A DevOps Container for CircleCI

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With the advent of CircleCI 2.0, Truss has become a fan of CircleCI and their support for delivery pipelines via workflows. We use CircleCI for both internal projects and client projects (when possible). Our test and deploy processes reuse a lot of the same tooling, so we’ve found ourselves reproducing similar setup steps across projects. For example, we use pre-commit for running pre-commit tests, shellcheck to ensure our BASH is up to snuff, and ecs-deploy for doing zero-downtime deploys.

With CircleCI workflows, every job uses its own container. That environment isolation is great, but it means we install many of the same tools multiple times in a single build. That leads to longer build times as things install, and if you’re relying on external sites to download from, it creates additional opportunities for the install to fail and break the build. To remove that overhead from our builds and skip adding the same setup scripts to every new project, we now have a single custom-built docker image we can use across jobs and projects.

Built from an official CircleCI image, our custom-built image includes the default tooling needed to be a CircleCI “primary container”. Today, we include the following additional tools:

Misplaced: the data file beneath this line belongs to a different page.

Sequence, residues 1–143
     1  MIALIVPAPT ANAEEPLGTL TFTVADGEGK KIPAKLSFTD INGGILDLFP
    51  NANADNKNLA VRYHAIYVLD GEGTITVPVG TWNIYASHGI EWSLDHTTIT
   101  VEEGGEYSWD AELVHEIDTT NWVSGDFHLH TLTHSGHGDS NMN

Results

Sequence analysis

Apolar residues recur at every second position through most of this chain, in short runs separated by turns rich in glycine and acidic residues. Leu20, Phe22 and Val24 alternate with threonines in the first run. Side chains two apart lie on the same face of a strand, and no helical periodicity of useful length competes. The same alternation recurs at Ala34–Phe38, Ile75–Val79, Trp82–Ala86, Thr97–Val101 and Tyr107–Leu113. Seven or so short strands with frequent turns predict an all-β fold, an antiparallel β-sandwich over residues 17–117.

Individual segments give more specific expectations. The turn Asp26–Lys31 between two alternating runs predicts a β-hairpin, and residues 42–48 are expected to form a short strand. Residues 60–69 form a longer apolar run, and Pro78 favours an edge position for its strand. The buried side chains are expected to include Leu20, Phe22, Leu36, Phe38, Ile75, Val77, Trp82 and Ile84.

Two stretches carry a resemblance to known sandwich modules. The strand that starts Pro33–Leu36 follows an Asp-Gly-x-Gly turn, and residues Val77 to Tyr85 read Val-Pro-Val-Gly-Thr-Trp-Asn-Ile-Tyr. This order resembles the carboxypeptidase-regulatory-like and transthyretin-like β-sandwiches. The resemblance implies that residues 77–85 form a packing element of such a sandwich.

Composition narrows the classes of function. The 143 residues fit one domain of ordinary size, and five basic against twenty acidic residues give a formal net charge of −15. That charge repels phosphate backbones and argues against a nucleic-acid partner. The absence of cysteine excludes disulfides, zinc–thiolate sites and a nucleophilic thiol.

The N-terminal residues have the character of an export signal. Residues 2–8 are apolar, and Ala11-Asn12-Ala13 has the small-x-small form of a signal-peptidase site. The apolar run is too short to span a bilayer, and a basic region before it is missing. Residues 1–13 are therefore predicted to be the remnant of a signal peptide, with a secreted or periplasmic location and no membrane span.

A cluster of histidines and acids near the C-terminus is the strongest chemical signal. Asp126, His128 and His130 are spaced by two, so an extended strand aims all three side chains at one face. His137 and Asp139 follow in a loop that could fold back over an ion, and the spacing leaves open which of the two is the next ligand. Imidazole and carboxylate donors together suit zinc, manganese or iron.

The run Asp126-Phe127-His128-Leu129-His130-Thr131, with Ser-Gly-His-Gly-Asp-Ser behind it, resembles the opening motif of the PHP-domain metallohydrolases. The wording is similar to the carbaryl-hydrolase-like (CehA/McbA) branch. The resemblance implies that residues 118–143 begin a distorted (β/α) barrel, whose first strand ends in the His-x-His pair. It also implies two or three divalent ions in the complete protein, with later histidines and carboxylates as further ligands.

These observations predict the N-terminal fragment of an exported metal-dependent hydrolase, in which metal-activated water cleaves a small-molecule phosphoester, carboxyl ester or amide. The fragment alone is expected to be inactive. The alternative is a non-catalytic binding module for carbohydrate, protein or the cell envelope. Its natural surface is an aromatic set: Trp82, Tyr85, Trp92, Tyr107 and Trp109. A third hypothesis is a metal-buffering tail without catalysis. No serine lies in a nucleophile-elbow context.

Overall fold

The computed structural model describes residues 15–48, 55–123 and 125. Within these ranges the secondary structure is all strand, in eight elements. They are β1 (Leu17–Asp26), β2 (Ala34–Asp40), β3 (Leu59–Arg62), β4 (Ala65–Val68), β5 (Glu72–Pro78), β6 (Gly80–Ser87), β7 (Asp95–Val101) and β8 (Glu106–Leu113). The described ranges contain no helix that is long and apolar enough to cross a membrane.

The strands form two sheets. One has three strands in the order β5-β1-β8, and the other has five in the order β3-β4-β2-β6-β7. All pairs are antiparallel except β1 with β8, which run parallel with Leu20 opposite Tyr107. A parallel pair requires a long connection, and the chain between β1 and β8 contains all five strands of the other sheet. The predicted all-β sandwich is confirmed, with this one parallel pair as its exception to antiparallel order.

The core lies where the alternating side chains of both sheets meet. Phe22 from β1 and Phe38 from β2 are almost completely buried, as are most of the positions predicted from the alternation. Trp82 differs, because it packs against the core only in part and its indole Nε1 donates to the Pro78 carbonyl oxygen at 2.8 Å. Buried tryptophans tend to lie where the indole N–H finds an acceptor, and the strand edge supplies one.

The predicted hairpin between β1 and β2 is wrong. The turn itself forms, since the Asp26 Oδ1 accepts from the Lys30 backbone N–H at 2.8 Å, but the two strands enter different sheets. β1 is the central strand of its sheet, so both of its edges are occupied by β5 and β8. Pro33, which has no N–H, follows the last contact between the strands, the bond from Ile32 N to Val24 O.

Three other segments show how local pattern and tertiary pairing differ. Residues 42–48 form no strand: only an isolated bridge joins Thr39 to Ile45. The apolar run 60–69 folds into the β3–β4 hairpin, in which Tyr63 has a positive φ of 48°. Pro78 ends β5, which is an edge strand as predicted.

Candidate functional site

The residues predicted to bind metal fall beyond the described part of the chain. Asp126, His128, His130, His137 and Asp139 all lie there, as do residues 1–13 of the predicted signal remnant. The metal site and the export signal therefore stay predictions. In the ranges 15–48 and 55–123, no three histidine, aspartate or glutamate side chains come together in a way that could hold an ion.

See the current README (or Dockerfile) for an up to date list.

To use this image in your own CircleCI jobs, specify the image like:

version: 2
jobs:
   build:
     docker:
       - image: trussworks/circleci-docker-primary:master

To follow best practices, replace “master” with a git hash instead. You can find the hash of our most recent, stable build from our MicroBadger page.

A note on our use of “DevOps”: we view DevOps not as a team, a specific set of engineering responsibilities or tools, but as an organization-wide methodology to quickly improve a product via fast release cycles and high visibility into all stages of the process. This container is one part of that larger process.

A note on our philosophy on delivery pipelines: an effective delivery pipeline is important for creating a successful DevOps culture. This mechanism brings code from development into production, ties together the (technical and non-technical) teams, and enables the company to iterate quickly. We have lots to say about this and will have a more in-depth piece on this soon.